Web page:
Tuesday, February 21, 2012

Make a list, not a type

Several years ago, I was talking with a friend who was in a long-term relationship with a guy she loved a lot (they've since gotten married). I wasn't seeing anyone special at the time, and we were talking about how tough it was for me to find guys worth dating.

"Have you made a list?" she asked me.

I had not. It had never even occurred to me. I mean - I knew what I wanted in a boyfriend - in my head. Basically. That was good enough, right?

"I made a list," she said. "I wrote down exactly what I wanted in a guy, and anytime I met someone who didn't fit into what I wanted, I didn't date him. Then I met John, and I forgot all about the list. A few years later, I found it, crumpled up in a desk drawer. I read it - and realized John was everything on the list."

At first, it sounded like creating a "type" for yourself - which I've always felt was a bad idea. If you lock yourself into needing a guy with a certain look, or a certain job, or specific beliefs - you tend to overlook wonderful people. I think having a type tends to make us focus on the less-important qualities in people.

But my friend wasn't talking about creating a type. She wasn't talking about assigning characteristics to the perfect guy. She was talking about making a list about yourself; what's important to you.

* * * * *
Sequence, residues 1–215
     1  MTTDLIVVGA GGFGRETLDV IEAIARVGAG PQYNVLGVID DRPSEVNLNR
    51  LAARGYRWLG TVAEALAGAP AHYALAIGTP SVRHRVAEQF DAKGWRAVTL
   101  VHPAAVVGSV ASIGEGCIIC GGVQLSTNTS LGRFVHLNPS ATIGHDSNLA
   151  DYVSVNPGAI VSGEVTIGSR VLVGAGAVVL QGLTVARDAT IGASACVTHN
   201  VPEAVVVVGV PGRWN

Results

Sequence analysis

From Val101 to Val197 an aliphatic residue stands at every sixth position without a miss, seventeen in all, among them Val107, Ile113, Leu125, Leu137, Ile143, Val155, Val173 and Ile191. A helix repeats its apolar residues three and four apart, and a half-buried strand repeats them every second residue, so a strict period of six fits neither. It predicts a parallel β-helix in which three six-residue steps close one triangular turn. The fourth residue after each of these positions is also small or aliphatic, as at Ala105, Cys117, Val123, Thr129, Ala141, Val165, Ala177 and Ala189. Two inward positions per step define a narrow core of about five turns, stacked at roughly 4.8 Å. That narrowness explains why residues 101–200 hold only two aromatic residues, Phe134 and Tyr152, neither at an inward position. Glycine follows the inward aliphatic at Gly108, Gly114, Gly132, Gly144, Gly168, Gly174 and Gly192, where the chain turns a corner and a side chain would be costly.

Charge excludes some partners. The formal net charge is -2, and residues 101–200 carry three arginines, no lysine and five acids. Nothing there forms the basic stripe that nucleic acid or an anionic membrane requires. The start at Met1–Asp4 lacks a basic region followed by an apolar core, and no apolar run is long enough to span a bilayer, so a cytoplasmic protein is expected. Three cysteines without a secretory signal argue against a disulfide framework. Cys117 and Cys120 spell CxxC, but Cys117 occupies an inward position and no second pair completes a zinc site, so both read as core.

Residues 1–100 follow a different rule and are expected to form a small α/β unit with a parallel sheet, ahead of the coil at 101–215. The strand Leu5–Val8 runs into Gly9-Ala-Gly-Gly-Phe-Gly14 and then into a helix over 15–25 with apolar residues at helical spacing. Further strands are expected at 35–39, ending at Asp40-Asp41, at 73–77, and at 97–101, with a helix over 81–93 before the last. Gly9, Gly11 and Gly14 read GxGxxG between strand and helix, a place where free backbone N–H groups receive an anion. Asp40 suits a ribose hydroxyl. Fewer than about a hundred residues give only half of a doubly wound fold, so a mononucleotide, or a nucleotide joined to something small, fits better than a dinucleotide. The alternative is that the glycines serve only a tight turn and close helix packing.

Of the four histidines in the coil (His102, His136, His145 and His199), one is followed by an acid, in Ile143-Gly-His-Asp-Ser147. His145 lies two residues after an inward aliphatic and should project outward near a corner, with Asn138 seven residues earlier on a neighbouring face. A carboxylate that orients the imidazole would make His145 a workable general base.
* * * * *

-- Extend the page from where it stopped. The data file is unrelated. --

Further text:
Is it important to you that a guy be ready to commit, or be stable. Or maybe you would like a free-spirit who will join in your adventures. Maybe it really want children of your own, and someone who shares that dream is important to you. Or maybe you want to raise your family in a particular place, or with a particular faith, and finding a like-minded someone is important.

The point is, the list is about figuring out what you want, and then keeping yourself open to finding a person who lines up with those goals and dreams. He might be tall or blonde or rich or smart - or none of the above. But he can make your most important dreams come to life - and that's what's important.

I'll admit, I've never written a list myself. But after that conversation, I started to really take inventory of myself, and what I wanted in a relationship.

I guess it really doesn't matter if the list is on a piece of paper, or on a file on your laptop - or just in your head. The point is, you better know what you want before you go looking - or you'll keep finding the wrong guys.


  1. I met my fiance on a dating site, which forced me to make that list - although I already knew what I was looking for. I know people online often lie about what they want, but Chris didn't and he truly is everything I want.

  2. ^ I could have written that exact thing about shaun and myself! That's kind of why dating sites CAN work. Your list can be right there, and it's a nice head start if youre both honest about who you are and what you want.

  3. It's funny that I wandered over to your blog from... oh drat, now I don't remember... but reading this entry kind of reminds me about my fiance. I don't believe in having a "type", but I do believe in finding what you want in a person -- maybe not all things, but some things -- and even though we've strayed from each other several times before, it's like we've always been meant to be together. Wow, that was way more mushy than I wanted it to be. And looking back over all of the things that I wanted... well... he's them. Every one of them.

    Dating sites weren't my thing, but I definitely have seen them work their magic. My own mother met her husband on a dating site, and my ex met his new lady on a dating site - and now they're engaged and having a baby too. :)

    Hope you don't mind, I'll probably be stalking your blog from now on. :)